Protected areas (PAs) are essential for biodiversity conservation but are threatened by cropland expansion. Recent studies predicted that approximately 500 million ha of additional croplands will be required in 2050 to address global food demand, which will increase pressure on natural habitats.
Previous studies found that, globally, cropland encroached on 6% of the PAs in 2013 and expanded more in global PAs than in unprotected areas from 1990 to 2005. However, the dynamics, effectiveness, and drivers of cropland expansion in PAs in different regions during the past 20 years are still unclear.
Now, a research team led by Prof. DONG Jinwei from the Institute of Geographic Sciences and Natural Resources Research of the Chinese Academy of Sciences (CAS) and their cooperators have revealed the accelerated cropland expansion in global PAs in the past 20 years, thus favoring a better understanding of human activities in PAs.
This work was published in Nature Sustainability on March 23.
The researchers mainly used the 30-m spatial resolution cropland data layers to characterize cropland dynamics of PAs over the past 20 years at the global scale. They also assessed the potential effects of cropland expansion on biodiversity by overlapping cropland dynamics and species extinction risks in PAs.
The results showed that the cropland expansion in PAs accelerated dramatically from 2000 to 2019 compared to that of global croplands. The areal expansion was mainly obversed in large, less-strict, and Afrotropical PAs – regions with higher species extinction risks.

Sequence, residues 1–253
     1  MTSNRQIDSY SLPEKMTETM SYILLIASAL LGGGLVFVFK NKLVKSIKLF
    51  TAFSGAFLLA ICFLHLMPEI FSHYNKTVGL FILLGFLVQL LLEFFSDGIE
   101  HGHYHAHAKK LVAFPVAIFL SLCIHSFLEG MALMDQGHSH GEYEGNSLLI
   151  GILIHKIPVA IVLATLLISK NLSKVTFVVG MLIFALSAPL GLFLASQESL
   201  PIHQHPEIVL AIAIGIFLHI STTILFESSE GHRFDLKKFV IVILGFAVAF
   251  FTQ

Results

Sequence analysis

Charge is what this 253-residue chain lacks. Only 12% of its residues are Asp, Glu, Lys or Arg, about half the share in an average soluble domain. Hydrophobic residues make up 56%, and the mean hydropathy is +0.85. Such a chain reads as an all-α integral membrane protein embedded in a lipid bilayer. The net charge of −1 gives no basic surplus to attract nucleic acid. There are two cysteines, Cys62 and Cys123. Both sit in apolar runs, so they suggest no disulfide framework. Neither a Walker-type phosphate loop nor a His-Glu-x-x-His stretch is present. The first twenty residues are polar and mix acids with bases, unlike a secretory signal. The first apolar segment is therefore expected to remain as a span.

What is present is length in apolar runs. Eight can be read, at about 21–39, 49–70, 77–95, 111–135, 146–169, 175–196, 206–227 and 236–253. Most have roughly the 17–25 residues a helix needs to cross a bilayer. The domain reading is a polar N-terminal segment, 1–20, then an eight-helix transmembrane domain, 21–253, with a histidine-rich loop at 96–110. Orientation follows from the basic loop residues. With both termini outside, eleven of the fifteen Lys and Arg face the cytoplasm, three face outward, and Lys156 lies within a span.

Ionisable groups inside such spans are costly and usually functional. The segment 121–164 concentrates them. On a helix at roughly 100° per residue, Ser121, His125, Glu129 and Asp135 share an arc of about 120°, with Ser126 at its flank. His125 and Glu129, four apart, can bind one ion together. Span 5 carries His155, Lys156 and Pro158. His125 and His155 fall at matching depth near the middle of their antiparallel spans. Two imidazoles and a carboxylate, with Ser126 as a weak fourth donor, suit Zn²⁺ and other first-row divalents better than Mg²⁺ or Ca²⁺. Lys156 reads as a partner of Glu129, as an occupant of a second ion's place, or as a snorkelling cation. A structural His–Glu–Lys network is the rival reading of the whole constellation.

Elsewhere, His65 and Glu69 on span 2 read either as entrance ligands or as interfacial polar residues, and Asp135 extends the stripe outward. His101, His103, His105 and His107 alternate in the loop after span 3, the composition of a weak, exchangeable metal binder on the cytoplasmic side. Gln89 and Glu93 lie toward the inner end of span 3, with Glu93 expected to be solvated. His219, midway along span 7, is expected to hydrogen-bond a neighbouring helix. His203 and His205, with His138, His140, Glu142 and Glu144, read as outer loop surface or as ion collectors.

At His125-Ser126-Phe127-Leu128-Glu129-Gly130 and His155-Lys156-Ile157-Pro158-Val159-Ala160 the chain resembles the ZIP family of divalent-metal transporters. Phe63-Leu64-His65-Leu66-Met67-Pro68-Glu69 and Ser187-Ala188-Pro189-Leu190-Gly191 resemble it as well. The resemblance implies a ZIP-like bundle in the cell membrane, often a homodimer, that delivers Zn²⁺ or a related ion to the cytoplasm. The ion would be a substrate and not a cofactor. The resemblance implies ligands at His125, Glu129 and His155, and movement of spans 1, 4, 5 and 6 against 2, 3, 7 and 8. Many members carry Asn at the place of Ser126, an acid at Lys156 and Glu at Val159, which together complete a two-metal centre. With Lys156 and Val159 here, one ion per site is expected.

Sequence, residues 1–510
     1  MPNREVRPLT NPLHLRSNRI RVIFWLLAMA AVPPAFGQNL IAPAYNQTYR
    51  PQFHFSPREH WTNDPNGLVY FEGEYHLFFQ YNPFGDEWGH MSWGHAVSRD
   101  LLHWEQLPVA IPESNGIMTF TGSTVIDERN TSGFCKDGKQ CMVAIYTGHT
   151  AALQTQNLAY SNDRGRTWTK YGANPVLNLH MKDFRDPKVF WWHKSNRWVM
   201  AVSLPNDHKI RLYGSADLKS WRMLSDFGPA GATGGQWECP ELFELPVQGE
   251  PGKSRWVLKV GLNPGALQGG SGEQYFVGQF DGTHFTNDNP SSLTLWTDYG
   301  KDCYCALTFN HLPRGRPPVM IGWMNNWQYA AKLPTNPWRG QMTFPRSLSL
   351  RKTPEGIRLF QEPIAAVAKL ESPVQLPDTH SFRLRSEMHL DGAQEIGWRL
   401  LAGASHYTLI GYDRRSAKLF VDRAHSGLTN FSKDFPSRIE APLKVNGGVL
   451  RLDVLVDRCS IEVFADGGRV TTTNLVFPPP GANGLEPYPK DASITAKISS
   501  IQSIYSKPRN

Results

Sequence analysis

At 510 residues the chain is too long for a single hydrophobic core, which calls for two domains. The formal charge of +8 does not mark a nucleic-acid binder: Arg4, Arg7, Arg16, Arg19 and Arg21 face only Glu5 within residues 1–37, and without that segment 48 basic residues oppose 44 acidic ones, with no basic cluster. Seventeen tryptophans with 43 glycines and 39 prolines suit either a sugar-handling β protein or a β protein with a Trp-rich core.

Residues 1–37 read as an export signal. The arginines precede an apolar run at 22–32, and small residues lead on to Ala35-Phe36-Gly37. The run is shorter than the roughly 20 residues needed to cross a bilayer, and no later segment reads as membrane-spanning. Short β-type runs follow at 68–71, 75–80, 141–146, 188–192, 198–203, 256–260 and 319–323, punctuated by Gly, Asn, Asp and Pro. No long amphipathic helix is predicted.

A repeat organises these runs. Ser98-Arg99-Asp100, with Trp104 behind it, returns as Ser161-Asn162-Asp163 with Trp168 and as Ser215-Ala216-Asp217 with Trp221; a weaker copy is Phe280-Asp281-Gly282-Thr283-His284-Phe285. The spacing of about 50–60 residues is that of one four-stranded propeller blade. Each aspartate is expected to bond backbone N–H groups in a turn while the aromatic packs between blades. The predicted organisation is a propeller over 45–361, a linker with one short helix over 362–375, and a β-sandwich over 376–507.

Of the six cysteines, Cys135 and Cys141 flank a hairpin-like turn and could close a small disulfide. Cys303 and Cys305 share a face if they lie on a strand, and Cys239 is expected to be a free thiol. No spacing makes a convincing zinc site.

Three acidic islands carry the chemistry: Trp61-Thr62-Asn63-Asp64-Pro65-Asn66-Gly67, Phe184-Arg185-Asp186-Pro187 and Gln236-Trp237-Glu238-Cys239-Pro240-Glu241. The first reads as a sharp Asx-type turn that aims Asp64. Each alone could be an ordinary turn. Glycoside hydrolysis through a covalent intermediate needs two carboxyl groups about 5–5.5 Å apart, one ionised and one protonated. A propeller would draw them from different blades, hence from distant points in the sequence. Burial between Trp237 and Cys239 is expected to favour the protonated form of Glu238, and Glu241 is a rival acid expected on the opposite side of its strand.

Notably, cropland expansion was also found in some PAs with the highest conservation levels. "This new picture of cropland dynamics in PAs illustrates that cropland expansion is an ongoing intractable global conservation challenge that will impinge on the aspirations of the post-2020 global biodiversity framework," said Prof. DONG.
The study was done in collaboration with the University of Maryland, Western Sydney University, University of Oklahoma, ETH Zurich, University of Cambridge, and Northwest Institute of Eco-Environment and Resources, CAS.
The work was supported by the National Key Research and Development Program of China, the National Natural Science Foundation of China, the Youth Interdisciplinary Team Project of the Chinese Academy of Sciences, and the U.S. National Science Foundation.
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